Now we may take a look at the incidence of faith- related violence. The Hazara Shias are mowed down for their beliefs. Many hate preachers openly instigate murder. The Ahmadis continue to be victims of target killing. The anti-minorities knights are not content with instituting cases under the blasphemy law; they try to exterminate their quarry in police custody or in the street. Anyone acquitted of blasphemy charges cannot find a safe place to live in the country. And there is no doubt that the killing of non-Muslims in prayer houses and Muslims in mosques and schools is done in the name of religion.
Even a cursory reading of the evidence of violence committed by extremists will bring out the fact that use of extremist violence due to completely non-religious factors, such as exploitation of bonded labour and street children, and corporal punishment in schools and even in madrasas, is not unknown in Pakistan. The causes of violence against women include patriarchal excesses, feudal culture and misogynous tendencies, but do not exclude misinterpretation of religious injunctions. As regards the extremists’ and militants’ narrative of terrorism in the name of religion, it has been attributed to a wrong interpretation of Islam by no less an internationally recognised Islamic scholar than Dr Khalid Masud, formerly chairman of the Council of Islamic Ideology and at present a judge of the Shariat Appellate Court.
Unfortunately, the roots of all forms of extremist violence lie in the state’s acts of omission or commission. If women’s suffering due to the curses of patriarchy, misogyny or feudal culture has increased, the state is responsible for having failed to liberate the Pakistani society of anachronistic social mores which are, among other things, one of the major obstacles to the growth of a democratic system and a democratic culture. If children at schools and madrasas are at the mercy of sadists in the garb of teachers, and if savages at institutions of higher learning can kill a student like Mashal Khan and a teacher like Khalid Hameed, can the state be absolved of crime by negligence? The bonded workers, their women folk and their children continue to suffer because their tormentors enjoy political clout. Has the state taken any action to eliminate the worst forms of child labour despite having signed the relevant ILO convention? Can the state wash away the ignominy of allowing enforced disappearances, the ultimate form of extremist violence?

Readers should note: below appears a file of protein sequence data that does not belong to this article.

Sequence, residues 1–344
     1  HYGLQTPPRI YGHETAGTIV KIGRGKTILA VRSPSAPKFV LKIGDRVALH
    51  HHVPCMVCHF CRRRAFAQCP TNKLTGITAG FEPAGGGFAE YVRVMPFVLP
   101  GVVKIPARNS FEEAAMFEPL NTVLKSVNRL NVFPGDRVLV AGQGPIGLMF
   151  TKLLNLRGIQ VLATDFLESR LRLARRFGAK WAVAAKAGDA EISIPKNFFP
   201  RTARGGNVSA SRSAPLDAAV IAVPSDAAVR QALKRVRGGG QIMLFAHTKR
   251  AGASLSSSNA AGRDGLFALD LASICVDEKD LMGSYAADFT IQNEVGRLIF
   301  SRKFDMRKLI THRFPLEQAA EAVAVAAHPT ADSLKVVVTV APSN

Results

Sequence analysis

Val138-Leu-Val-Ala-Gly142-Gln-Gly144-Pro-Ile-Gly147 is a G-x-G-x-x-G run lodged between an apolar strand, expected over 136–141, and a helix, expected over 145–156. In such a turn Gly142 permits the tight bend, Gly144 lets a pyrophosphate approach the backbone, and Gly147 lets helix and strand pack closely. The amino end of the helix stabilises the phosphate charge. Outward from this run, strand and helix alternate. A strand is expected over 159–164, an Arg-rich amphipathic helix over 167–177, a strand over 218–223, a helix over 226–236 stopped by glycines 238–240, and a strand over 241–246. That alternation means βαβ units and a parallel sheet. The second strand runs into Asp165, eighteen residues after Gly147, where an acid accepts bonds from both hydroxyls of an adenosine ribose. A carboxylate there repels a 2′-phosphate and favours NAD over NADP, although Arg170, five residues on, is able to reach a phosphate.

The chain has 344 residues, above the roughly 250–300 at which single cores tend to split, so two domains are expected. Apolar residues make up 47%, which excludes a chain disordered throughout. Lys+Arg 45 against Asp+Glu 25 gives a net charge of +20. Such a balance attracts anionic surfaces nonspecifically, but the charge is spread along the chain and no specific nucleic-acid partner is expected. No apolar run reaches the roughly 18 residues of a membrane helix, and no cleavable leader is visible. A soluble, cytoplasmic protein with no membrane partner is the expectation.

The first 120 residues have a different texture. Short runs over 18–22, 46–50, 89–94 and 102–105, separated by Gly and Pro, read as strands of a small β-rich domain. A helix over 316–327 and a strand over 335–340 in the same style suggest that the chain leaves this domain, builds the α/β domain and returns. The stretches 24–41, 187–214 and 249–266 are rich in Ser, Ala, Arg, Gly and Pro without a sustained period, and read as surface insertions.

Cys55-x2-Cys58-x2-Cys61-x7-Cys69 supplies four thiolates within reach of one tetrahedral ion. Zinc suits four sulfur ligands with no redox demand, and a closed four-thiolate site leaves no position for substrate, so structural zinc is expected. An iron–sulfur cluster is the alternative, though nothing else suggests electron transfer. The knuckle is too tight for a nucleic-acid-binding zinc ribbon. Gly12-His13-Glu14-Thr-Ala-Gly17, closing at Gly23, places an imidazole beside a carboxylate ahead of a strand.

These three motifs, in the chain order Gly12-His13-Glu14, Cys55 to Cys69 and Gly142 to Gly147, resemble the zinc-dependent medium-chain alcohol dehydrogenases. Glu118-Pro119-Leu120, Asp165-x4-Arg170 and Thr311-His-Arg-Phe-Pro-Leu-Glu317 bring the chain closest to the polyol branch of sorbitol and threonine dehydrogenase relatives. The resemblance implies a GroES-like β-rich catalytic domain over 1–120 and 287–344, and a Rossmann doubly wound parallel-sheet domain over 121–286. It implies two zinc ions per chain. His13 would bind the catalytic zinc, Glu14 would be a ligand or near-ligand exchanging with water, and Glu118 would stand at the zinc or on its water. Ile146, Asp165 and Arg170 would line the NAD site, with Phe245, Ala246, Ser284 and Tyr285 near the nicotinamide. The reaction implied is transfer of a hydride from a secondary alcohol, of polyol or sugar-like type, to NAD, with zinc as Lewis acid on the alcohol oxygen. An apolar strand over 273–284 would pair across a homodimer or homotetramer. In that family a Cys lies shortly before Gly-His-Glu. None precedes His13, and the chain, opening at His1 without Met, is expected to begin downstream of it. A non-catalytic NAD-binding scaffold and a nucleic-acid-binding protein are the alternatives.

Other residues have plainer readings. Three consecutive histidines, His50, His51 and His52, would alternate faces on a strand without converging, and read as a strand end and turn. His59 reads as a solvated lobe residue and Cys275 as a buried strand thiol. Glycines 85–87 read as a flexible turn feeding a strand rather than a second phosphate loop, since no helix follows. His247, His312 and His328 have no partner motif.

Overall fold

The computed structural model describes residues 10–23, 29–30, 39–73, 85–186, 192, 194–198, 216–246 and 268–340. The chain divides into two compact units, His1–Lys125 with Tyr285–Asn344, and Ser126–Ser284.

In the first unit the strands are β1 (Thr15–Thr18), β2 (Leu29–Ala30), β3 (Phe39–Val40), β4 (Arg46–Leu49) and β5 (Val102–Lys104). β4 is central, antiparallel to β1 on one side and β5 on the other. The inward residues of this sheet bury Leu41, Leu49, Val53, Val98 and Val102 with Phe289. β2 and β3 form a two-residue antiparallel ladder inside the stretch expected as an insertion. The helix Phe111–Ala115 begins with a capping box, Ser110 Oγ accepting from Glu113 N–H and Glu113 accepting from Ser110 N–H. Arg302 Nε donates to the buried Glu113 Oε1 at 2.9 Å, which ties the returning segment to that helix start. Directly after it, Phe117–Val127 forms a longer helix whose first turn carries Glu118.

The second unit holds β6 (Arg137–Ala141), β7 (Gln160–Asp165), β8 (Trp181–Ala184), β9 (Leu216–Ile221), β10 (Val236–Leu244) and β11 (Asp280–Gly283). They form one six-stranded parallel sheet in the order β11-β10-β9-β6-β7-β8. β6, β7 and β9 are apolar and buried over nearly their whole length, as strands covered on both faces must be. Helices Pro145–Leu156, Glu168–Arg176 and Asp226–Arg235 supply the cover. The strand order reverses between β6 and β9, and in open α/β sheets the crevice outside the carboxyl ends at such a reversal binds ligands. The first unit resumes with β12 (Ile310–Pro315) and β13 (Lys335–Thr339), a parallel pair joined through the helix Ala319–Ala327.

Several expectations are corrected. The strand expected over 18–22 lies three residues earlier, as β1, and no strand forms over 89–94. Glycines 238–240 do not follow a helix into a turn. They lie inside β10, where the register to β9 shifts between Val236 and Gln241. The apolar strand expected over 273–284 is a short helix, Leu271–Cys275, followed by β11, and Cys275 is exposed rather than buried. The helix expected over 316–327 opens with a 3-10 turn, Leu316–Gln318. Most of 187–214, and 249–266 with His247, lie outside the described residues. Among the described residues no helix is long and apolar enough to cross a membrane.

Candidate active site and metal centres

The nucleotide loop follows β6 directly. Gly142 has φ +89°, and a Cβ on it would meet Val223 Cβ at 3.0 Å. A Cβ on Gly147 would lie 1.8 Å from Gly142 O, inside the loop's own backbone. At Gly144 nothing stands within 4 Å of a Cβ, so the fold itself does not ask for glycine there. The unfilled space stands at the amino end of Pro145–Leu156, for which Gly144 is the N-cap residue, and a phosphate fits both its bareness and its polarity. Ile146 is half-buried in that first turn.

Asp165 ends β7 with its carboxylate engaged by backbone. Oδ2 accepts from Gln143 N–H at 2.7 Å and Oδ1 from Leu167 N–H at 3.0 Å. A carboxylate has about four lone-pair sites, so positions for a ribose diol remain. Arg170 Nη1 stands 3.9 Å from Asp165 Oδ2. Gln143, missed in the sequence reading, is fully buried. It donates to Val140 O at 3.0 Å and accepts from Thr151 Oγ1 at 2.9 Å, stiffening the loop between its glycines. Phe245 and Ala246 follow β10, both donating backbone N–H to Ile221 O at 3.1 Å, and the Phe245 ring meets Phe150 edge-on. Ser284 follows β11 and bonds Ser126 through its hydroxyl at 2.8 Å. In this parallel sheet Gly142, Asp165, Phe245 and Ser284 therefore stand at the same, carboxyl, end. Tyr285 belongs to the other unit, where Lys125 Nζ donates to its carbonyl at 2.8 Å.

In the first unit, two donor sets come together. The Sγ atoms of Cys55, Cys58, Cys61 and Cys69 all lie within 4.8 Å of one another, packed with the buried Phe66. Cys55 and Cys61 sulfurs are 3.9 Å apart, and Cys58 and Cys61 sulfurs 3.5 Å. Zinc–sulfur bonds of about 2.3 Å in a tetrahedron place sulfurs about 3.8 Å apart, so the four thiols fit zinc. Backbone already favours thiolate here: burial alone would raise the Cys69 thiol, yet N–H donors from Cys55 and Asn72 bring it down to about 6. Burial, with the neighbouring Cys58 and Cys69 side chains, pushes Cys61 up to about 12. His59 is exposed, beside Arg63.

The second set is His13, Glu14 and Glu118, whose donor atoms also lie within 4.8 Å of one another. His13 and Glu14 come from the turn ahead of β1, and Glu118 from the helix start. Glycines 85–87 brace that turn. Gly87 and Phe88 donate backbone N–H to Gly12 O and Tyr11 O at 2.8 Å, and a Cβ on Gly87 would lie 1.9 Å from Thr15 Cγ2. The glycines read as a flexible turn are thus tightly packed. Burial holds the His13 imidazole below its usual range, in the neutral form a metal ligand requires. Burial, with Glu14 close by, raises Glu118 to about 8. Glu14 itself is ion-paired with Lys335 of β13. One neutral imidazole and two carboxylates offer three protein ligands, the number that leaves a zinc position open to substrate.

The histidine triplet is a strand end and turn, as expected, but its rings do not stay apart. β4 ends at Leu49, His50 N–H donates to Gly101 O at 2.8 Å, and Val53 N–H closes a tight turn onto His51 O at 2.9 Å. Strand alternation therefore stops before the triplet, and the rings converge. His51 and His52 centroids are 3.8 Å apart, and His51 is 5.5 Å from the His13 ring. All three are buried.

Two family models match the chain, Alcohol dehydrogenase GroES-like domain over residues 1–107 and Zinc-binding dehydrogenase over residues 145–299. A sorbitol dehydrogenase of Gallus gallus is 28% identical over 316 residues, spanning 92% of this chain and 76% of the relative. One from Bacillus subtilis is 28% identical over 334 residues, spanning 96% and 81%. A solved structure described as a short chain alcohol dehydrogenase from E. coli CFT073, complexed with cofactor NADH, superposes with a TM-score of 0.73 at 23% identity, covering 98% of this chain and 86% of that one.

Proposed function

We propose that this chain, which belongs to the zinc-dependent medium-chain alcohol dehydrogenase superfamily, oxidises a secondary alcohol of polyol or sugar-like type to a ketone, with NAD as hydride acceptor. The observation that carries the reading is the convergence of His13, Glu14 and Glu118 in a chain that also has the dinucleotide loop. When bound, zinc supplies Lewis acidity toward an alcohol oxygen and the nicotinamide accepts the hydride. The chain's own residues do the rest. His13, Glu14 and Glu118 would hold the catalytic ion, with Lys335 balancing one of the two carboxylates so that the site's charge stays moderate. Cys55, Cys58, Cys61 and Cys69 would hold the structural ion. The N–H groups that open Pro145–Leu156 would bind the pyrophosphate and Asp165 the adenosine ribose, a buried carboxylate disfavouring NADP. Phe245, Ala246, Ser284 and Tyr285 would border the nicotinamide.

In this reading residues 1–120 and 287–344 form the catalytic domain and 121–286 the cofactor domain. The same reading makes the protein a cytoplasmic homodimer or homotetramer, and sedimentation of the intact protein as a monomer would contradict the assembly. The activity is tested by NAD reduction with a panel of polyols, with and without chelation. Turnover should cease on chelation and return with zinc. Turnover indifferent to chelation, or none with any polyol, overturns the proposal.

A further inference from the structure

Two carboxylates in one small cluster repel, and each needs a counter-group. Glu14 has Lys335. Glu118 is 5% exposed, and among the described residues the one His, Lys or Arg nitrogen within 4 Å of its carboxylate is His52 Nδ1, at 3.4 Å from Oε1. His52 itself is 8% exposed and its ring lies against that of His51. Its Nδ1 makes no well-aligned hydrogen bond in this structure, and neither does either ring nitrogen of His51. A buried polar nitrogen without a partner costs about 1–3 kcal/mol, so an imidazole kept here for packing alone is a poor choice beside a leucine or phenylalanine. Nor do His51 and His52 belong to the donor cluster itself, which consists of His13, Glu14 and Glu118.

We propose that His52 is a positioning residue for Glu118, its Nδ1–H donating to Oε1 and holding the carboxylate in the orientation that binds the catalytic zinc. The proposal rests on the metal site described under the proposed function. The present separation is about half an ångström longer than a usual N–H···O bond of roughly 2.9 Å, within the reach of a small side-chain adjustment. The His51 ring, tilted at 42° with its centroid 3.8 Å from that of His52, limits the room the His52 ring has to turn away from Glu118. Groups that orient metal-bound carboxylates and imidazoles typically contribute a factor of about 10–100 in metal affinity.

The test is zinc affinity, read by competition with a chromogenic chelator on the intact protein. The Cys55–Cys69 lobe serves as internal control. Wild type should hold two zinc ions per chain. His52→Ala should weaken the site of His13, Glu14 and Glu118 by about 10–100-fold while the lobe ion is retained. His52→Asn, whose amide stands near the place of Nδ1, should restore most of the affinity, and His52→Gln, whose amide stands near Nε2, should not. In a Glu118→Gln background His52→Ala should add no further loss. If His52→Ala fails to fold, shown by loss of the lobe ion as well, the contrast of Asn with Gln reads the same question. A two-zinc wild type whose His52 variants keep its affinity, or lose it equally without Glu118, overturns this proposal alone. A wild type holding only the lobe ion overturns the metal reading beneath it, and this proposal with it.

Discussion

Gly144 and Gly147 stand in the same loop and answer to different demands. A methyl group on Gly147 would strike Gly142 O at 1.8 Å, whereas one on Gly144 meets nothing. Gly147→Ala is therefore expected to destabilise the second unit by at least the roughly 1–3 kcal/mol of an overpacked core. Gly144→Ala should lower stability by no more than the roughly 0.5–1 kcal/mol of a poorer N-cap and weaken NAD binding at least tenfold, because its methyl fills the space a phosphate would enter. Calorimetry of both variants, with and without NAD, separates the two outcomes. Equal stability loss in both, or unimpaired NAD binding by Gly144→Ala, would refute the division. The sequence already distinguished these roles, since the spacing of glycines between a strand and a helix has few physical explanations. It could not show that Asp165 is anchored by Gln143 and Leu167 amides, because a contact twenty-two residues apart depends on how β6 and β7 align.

As regards extremist violence in the name of religion, the state has been inviting censure for acts of both omission and commission. On the one hand, it has done practically nothing to save the people from what is described as wrong interpretation of their faith and, on the other hand, it continues to associate with the religious elements that openly denounce democracy, human rights and pluralism. All past governments increased their and the people’s tribulations by appeasing the quasi-religious lobby. It is time the present government asked itself whether it is surpassing its predecessors in pandering to the orthodoxy that has done incalculable harm to Islam and Muslims over many centuries.